Saturday, January 14, 2006


I haven't read Paper Dynamite Online before but found this post at Progressive Bloggers.
It expresses my sentiments exactly, so therefore I do believe it is brilliant!
PD criticizes the Globe and Mail for its lukewarm Harper endorsement this morning -- he says they are letting a self-indulgent preference for Harper's style overwhelm their objective judgement about what is really the best for the country. What he says applies to all of us, I think:

I, like many Liberals and Canadians in general, have been disappointed with the Liberal campaign. But beyond the chaotic messaging and themeless Liberal campaign, there does exist rational arguments for voting Liberal.
The three great challenges that will confront Canadians in the next five to ten years are; 1) the innovation economy and globalization, 2) the environment and 3) increasing pressures on the health care system from aging Baby Boomers. The Conservatives are ideologically ill equiped to meet these challenges which will require more government involvement in key areas like research and development, higher education as well as a strong commitment to Kyoto. Furthermore, the impending strain on the health care system means that the Federal government must remain on the path of fiscal prudence. On the other hand, Harper has said during this campaign that 'all taxes are bad' and he believes surpluses indicate Canadians are over taxed. That's exactly what George Bush said to justify his reckless tax cuts which have led to ballooning deficits in the States.
Over the past 12 years the Liberal government has taken Canada from the verge of becoming Argentina North to the most fiscally sound economy in the industrialized world. Recently they've outlined policies on innovation, education, and the environment that will serve Canadians well as we strive to meet the complex challenges awaiting us. And they've done so within the context of a meta-promise not to go back into deficit.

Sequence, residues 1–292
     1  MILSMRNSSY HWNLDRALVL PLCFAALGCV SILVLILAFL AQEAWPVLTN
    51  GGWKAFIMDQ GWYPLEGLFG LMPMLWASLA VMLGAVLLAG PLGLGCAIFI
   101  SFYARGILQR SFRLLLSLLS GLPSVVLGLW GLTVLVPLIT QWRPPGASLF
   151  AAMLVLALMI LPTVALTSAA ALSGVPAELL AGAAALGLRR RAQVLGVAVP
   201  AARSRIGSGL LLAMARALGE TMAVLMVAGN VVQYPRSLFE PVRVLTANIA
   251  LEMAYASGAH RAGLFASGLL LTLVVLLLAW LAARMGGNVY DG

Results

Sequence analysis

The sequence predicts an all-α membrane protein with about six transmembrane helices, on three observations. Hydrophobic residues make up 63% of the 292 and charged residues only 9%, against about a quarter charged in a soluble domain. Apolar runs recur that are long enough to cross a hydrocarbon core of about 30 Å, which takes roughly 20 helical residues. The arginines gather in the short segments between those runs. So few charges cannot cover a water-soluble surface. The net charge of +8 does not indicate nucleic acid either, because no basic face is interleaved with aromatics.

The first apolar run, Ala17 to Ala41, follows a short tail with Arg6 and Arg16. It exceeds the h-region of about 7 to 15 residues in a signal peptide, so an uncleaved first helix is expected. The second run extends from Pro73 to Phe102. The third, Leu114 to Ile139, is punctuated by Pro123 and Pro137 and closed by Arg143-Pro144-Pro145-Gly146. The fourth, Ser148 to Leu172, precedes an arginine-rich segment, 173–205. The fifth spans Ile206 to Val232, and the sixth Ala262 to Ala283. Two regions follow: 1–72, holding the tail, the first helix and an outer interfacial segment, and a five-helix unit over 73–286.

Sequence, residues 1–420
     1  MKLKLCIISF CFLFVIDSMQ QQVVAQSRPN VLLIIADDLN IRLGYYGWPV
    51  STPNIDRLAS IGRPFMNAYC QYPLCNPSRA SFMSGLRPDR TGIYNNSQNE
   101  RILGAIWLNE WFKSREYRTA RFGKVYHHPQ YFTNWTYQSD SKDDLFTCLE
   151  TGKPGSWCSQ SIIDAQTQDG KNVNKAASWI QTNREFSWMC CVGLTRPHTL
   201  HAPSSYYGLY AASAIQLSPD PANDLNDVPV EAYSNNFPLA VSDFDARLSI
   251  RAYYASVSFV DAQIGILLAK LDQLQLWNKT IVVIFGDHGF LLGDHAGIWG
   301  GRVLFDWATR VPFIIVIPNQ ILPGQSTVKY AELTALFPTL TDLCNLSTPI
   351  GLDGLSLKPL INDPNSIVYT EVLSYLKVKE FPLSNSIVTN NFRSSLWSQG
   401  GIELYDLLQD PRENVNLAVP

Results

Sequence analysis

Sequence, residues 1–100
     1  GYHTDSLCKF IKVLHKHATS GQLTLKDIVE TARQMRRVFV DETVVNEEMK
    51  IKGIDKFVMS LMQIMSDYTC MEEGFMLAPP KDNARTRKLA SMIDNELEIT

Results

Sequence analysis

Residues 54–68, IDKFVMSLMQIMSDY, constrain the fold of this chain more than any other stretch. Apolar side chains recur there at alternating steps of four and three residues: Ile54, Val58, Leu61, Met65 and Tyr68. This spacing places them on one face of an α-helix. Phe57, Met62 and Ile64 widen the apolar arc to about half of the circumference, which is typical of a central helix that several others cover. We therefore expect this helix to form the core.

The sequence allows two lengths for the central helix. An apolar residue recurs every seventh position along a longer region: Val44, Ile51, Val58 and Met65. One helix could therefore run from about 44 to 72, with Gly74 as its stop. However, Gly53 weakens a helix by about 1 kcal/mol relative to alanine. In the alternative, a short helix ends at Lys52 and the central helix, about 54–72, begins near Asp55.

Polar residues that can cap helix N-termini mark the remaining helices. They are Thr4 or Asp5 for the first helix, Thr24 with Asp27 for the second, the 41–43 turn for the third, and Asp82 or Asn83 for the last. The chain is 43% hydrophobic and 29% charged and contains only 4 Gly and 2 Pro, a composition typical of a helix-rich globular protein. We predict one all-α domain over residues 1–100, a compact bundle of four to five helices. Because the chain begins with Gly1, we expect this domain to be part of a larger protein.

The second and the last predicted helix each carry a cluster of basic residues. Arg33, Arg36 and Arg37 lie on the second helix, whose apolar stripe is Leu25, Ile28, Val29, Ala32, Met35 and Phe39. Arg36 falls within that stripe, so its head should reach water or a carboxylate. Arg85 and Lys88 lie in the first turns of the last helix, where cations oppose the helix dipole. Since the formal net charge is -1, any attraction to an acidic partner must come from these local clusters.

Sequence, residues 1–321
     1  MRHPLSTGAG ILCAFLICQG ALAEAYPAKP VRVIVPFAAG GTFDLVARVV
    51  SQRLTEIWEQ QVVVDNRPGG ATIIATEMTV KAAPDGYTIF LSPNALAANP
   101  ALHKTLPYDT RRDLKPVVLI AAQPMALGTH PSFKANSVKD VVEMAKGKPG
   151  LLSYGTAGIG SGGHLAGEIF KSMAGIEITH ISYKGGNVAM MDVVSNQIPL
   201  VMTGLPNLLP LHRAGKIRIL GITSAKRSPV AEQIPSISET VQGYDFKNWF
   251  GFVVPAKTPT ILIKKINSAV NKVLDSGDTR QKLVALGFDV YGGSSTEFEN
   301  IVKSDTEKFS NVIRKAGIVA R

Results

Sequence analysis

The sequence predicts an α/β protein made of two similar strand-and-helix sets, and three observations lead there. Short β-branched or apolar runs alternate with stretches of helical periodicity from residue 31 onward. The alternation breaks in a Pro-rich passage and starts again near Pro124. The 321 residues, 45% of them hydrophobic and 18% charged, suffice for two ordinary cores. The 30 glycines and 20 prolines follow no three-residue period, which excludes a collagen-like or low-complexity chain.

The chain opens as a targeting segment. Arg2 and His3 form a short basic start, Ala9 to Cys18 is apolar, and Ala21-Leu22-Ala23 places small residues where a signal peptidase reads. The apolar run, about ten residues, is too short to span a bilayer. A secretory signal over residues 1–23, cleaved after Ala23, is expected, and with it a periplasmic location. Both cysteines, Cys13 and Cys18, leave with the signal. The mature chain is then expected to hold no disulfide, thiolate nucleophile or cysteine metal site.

Anger, frustration and disillusionment are powerful psychological forces. We can indulge them or we can try to think clearly and rationally.
Absolutely correct, I think. Now, as my reader knows, I like Paul Martin -- not his style necessarily, but his substance. Overall, I think the Liberals have the right ideas for Canada.
I didn't always think this -- I disliked Trudeau's liberals and I rather liked Mulroney (yes, GST and NAFTA and all). I came around to the Liberals in the mid-90s -- though I must admit I never did like Chretien (who began his Prime Ministership with lies about abolishing the GST, and ended it with lies about the sponsorship scandal). As I have grown older, I have come to see the value of many of the Liberal ideas. Their policies, I think, have been good for the country.
And their courage on social issues is outstanding.
An ordinary government -- a cowardly one -- would have taken the easy way and just left gay marriage to be permitted province by province as the courts decided it. But Paul Martin not only brought the issue back to Parliament, but he led the way in getting MPs and Canadians to accept gay marriage by framing it as a civil rights issie.
It is an example of true and courageous political leadership -- for which Martin hasn't been given nearly the credit he deserves.

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